Saturday, June 27, 2015

Kentucky Butter Bundt



Is there anything more elegant than a bundt cake?


They're round, dense, and not overly sweet.


This bundt cake is my absolute favorite. It's a simple vanilla bundt cake soaked with a butter glaze throughout the entire cake. The glaze goes on while the cake is cooling in the pan, and it creates a moist soaked cake with a slightly sugar crisp on the outside of the cake.


Bundt cakes have frustrated me in the past, because parts always seem to stick in the pan. I can't stand that! For this recipe, the cake didn't stick at all. The secret?


You have to let the bundt cool all the way in the pan before inverting it. 




This cake is great, because it's even better on the second and third days. This means you can make it the night before, and it will be even more moist the next day! This cake will still be great if you can't resist it on the first day, but I recommend waiting if you can! 

Kentucky Butter Bundt

Yields: approximately 12 servings 

Cake
1 cup (2 sticks) butter, softened
2 cups sugar
4 eggs
1 tbsp vanilla
3 cups flour
1 tsp salt
1 tsp baking powder
1/2 tsp baking soda
1 cup buttermilk

Glaze
1/3 cup butter
3/4 cup sugar
2 tbsp water
2 tsp vanilla

1. Preheat oven to 325 degrees fahrenheit. Grease a bundt pan liberally with butter or shortening, getting into every nook and cranny. Lightly sprinkle with flour and tap out the excess.
2. Place all the cake ingredients in a stand mixer fitted with the paddle attachment (or a bowl with a hand mixer). Mix on low for 30 seconds, then up to medium (about a 4) for 3 minutes. 

3. Pour the batter into the prepared pan and bake for 55-75 minutes (it totally depends on your oven and altitude), or until a toothpick inserted comes out clean. 

4. Prepare the glaze by combining all of the glaze ingredients in a small saucepan over medium low. Stir until everything melts and dissolves together, but make sure you don't boil it. 

5. Right when the cake comes out of the oven, poke holes in it with a knife. Keep the cake in the pan! Slowly pour the glaze over the cake, letting it soak in as you go. 

6. Let the cake cool completely (I covered it and left it overnight) before inverting. Sprinkle with powdered sugar, if desired. 

Note: Cake is best if you make it the day before so it can cool in the pan overnight.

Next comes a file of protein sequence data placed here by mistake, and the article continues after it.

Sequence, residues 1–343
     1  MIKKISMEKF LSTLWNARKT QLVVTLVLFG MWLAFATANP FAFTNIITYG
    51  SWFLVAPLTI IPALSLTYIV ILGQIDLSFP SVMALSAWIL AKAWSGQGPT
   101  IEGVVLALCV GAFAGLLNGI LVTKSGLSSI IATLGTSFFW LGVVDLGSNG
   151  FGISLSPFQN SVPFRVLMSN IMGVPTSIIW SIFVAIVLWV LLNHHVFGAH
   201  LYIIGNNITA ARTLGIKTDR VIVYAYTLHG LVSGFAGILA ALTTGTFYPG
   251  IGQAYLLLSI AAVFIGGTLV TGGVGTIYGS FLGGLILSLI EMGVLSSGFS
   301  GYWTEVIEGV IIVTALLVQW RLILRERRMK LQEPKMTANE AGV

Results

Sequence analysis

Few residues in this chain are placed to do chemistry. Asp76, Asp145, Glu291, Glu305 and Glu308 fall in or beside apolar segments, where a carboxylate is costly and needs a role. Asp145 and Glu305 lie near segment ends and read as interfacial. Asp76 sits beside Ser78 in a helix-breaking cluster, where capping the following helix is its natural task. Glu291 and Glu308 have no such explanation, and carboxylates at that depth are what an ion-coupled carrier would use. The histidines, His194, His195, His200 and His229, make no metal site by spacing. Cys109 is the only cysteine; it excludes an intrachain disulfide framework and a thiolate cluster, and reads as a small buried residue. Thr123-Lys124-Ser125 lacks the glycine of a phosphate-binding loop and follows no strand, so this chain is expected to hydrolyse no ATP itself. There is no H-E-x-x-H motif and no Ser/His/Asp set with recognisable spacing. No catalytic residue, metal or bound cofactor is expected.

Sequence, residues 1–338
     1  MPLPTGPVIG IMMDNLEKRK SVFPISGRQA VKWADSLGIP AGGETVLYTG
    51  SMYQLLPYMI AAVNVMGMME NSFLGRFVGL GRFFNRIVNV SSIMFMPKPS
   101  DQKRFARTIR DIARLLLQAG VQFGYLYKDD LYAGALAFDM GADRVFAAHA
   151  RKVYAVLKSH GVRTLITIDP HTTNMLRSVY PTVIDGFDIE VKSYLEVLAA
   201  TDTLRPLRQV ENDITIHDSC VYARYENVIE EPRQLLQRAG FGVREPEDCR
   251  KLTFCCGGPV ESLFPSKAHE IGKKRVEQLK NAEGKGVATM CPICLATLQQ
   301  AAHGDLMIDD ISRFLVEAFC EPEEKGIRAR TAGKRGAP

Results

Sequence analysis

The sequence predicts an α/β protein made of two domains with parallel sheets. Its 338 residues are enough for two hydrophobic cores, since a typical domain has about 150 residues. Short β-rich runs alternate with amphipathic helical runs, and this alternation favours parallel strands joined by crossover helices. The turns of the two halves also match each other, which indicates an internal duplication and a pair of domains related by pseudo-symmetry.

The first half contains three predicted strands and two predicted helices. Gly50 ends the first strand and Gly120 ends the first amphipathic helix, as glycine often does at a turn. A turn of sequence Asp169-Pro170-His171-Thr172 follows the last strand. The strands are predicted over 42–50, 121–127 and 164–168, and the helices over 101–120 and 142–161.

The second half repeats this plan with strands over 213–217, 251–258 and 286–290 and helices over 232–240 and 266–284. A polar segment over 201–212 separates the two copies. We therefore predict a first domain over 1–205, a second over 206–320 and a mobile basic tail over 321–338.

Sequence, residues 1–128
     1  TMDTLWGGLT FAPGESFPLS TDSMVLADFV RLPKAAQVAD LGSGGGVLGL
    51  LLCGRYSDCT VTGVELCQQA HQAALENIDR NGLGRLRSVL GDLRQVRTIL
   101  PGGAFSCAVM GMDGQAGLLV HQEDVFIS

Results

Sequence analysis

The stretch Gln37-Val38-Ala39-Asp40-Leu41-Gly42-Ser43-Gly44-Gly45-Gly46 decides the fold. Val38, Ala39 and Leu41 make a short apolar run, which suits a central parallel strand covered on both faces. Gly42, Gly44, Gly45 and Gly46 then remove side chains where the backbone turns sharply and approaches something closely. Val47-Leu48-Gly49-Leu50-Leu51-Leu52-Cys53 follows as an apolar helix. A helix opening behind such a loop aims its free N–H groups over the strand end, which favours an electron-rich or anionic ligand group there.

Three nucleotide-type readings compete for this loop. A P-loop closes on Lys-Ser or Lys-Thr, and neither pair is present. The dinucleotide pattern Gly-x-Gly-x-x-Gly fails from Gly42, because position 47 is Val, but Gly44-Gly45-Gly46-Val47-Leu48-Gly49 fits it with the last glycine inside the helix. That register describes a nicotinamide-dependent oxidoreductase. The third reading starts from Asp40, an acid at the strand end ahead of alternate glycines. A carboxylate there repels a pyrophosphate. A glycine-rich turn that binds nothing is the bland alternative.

Saturday, May 23, 2015

Angel Food Cupcakes

I dream about food. Literally.


Sometimes I wake up in the middle of the night after having a dream about a kind of food. I keep a note in my phone for dream foods.



Some of my late night thinking/dream foods have been my Raspberry White Chocolate Truffle Cupcakes and my Cinnamon Sugar Pumpkin Soft Pretzels.

These cupcakes were another one of my "dream foods." Angel food cupcakes filled with jam, topped with whipped cream and fresh berries. Yum.


Angel Food Cupcakes

Yields: 16 cupcakes

3/4 cup + 2 tbsp sugar
1/2 cup cake flour (or 1/2 cup AP flour + 1/2 tsp cornstarch)
1/4 tsp salt
6 egg whites, room temperature
2 1/2 tbsp warm water
1/2 tsp vanilla
3/4 tsp cream of tartar

1. Preheat oven to 350 degrees and line muffin tins with paper liners.

2. Combine half the sugar with the flour and salt.

3. In a large bowl, combine the egg whites, water, vanilla, cream of tartar, and remaining sugar. Whip together with a whisk until medium peaks form.

4. Sift a small amount of the dry ingredients into the egg whites, then fold in with a spatula. Do this in at least 6 batches to ensure even folding.

5. Fill muffin cups all the way to the top with batter and bake for 15-20 minutes, or until the tops are golden and a toothpick comes out clean.

6. Fill with jam, if desired. Top with sweetened whipped cream (add a small amount of vanilla for an awesome taste), then garnish with berries.